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Flaunting and flouting

Q: While looking into the common but erroneous substitution of “flaunt” for “flaut,” I was flabbergasted to find no entry for “flaut” in any of the dictionaries aggregates. Did I slide into an alternate universe where this word doesn’t exist, or am I simply deranged? PS: To prevent Google Mail from flagging “flaut’ as an error, I had to add it to my email dictionary.

A: You’re right that many people use “flaunt” to mean “flout” (the correct spelling of the word you’re looking for). In fact, a couple of standard dictionaries now accept the usage, though all the rest stick to the traditional view of the two words.

Traditionally, the verb “flaunt” means to show off something ostentatiously or to act in an ostentatious way, while the verb “flout” means to openly or contemptuously disregard something.

The American Heritage Dictionary of the English Language (5th ed.), which takes the traditional view, says in a usage note: “For some time now flaunt has been used in the sense ‘to show contempt for,’ even by educated users of English. But this usage is still widely seen as erroneous.”

“In our 2009 survey,” the dictionary adds, “73 percent of the Usage Panel rejected it in the sentence This is just another example of an executive flaunting the rules for personal gain.”

However, the online Merriam-Webster Unabridged and Merriam-Webster Dictionary accept without comment (that is, as standard English) the use of “flaunt” to mean “to treat contemptuously: flout.”

The subscription-based Unabridged gives the example “flaunt army regulations,” while the free M-W dictionary cites this comment by the poet and critic Louis Untermeyer: “flaunted the rules.”

We use “flaunt” and “flout” in the traditional way, and that’s what Woe Is I, Pat’s grammar and usage guide, recommends: “To flout is to defy or ignore. To flaunt is to show off. When Bruce ran that stop sign, he was flouting the law and flaunting his new Harley.”

Other usage guides agree. In Fowler’s Modern English Usage (rev. 3rd ed.), for example, R. W. Burchfield writes that “flaunt is often wrongly used for flout,” a usage that “has been particularly prevalent since the 1940s.”

And in Garner’s Modern English Usage (4th ed.), Bryan A. Garner says: “Confusion about these terms is so distressingly common that some dictionaries have thrown in the towel and now treat flaunt as a synonym of flout. But the words are best kept separate.”

The less traditional Merriam-Webster’s Dictionary of English Usage offers a justification for using “flaunt” to mean “flout,” but ultimately recommends avoiding the usage:

“Both words are used to describe open, unashamed behavior, and both typically suggest disapproval of such behavior. … Add to this similarity of use the obvious similarity of the words themselves, and you have a situation ripe for confusion.

“It is an oversimplification, however, to say that the use of flaunt to mean ‘to treat with contemptuous disregard’ is merely the result of confusion … those who now use it do so not because they are confused—they do so because they have heard and seen it so often that its use seems natural and idiomatic. They use it, in other words, because they are familiar with it as an established sense of flaunt.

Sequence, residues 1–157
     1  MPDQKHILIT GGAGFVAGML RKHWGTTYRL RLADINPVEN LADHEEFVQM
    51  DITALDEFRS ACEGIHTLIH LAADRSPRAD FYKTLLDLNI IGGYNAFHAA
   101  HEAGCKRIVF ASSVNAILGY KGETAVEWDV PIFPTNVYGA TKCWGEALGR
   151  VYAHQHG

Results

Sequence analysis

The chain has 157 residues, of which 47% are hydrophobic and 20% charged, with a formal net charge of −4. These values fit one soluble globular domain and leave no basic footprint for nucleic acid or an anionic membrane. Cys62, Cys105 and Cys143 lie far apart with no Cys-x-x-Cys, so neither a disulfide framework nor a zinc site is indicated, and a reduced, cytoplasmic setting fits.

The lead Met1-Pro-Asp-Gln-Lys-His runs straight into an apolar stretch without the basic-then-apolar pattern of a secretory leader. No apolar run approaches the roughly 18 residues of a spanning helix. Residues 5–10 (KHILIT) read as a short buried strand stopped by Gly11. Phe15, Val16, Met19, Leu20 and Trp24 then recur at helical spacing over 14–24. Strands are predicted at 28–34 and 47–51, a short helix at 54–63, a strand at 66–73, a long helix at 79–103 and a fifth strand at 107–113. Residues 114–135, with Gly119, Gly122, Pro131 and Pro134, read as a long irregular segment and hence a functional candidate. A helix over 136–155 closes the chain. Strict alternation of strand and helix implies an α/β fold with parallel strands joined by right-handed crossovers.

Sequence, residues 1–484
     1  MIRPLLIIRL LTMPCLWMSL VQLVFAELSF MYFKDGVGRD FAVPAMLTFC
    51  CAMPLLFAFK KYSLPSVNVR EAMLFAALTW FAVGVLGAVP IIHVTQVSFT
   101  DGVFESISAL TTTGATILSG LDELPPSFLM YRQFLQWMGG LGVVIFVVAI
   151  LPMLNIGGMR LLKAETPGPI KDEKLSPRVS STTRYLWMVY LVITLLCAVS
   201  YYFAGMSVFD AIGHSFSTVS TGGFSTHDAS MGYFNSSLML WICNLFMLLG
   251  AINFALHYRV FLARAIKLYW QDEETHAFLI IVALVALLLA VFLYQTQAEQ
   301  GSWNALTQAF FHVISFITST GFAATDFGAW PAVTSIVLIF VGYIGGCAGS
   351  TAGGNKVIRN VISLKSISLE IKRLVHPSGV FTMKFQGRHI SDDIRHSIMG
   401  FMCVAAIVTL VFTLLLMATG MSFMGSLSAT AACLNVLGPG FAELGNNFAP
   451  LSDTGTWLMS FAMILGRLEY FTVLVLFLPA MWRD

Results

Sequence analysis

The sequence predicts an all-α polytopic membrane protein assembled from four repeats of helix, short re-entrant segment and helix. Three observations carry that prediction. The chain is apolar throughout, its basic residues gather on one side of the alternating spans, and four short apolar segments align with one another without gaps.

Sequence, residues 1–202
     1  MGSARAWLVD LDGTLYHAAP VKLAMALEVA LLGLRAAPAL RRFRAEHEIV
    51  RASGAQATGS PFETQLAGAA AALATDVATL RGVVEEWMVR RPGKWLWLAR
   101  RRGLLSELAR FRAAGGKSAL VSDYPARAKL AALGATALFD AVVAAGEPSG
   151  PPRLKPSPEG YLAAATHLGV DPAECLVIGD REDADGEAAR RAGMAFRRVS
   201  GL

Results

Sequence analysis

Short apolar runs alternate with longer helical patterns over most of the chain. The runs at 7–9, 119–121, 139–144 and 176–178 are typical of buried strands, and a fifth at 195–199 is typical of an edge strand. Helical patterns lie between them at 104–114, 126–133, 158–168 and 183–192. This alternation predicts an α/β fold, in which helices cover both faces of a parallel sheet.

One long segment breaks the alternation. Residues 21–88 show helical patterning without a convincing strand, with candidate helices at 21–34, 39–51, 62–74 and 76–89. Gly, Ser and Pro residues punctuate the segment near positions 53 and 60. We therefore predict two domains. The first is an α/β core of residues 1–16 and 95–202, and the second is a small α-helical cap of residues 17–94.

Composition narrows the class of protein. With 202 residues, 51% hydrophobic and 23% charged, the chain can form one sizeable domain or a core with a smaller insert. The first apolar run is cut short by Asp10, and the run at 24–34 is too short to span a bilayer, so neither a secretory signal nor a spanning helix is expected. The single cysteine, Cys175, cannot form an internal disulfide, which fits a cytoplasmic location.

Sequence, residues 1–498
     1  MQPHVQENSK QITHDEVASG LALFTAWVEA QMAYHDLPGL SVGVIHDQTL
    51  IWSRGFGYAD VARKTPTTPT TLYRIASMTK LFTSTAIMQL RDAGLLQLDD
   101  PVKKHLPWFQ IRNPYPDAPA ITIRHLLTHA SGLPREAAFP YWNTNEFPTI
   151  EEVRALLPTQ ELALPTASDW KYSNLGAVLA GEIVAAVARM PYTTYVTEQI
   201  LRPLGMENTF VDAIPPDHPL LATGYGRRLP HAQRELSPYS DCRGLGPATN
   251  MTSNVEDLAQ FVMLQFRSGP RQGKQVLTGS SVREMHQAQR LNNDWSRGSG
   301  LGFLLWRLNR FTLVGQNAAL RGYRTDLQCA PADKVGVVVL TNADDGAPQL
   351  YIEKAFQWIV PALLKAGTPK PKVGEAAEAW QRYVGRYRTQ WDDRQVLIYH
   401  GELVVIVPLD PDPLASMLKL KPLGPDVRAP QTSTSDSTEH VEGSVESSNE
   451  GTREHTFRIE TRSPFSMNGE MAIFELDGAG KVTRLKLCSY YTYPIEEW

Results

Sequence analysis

“No one can deny that this sense of flaunt is now alive and well, despite its lowly origins.

“Nevertheless, the notoriety of flaunt used for flout is so great and the belief that it is simply an error so deep-seated and persistent, that we think you well-advised to avoid it, at least when writing for publication.”

As for the etymology, both verbs showed up in the 1500s, “flout” first and “flaunt” a decade later.

The Oxford English Dictionary says “flout,” meaning to mock or express contempt for someone or something, may have begun life as a dialectal form of floute, Middle English for “to play the flute.” The OED notes “a similar development of sense in Dutch fluiten to play the flute, to mock, deride.”

The first citation for “flout” in the dictionary is from Ralph Robinson’s 1551 translation of Utopia, a Latin work of fiction by Thomas More: “In moste spiteful maner mockynge … and flowtynge them.”

The Chambers Dictionary of Etymology says “flaunt” is of unknown origin, though it cites several theories, including a suggestion that it may be a coined word formed from blending terms like “flounce” and “vaunt.”

The first OED citation for “flaunt” (“to walk or move about so as to display one’s finery”) is from a 1566 translation by the English clergyman Thomas Drant of the Roman poet Horace’s satires: “In suits of silkes to flaunte.”

Before ending, we should note that “flout” is occasionally used to mean “flaunt.” But as Merriam-Webster’s Usage notes, “it is extremely uncommon and can only be regarded as a genuine error.”

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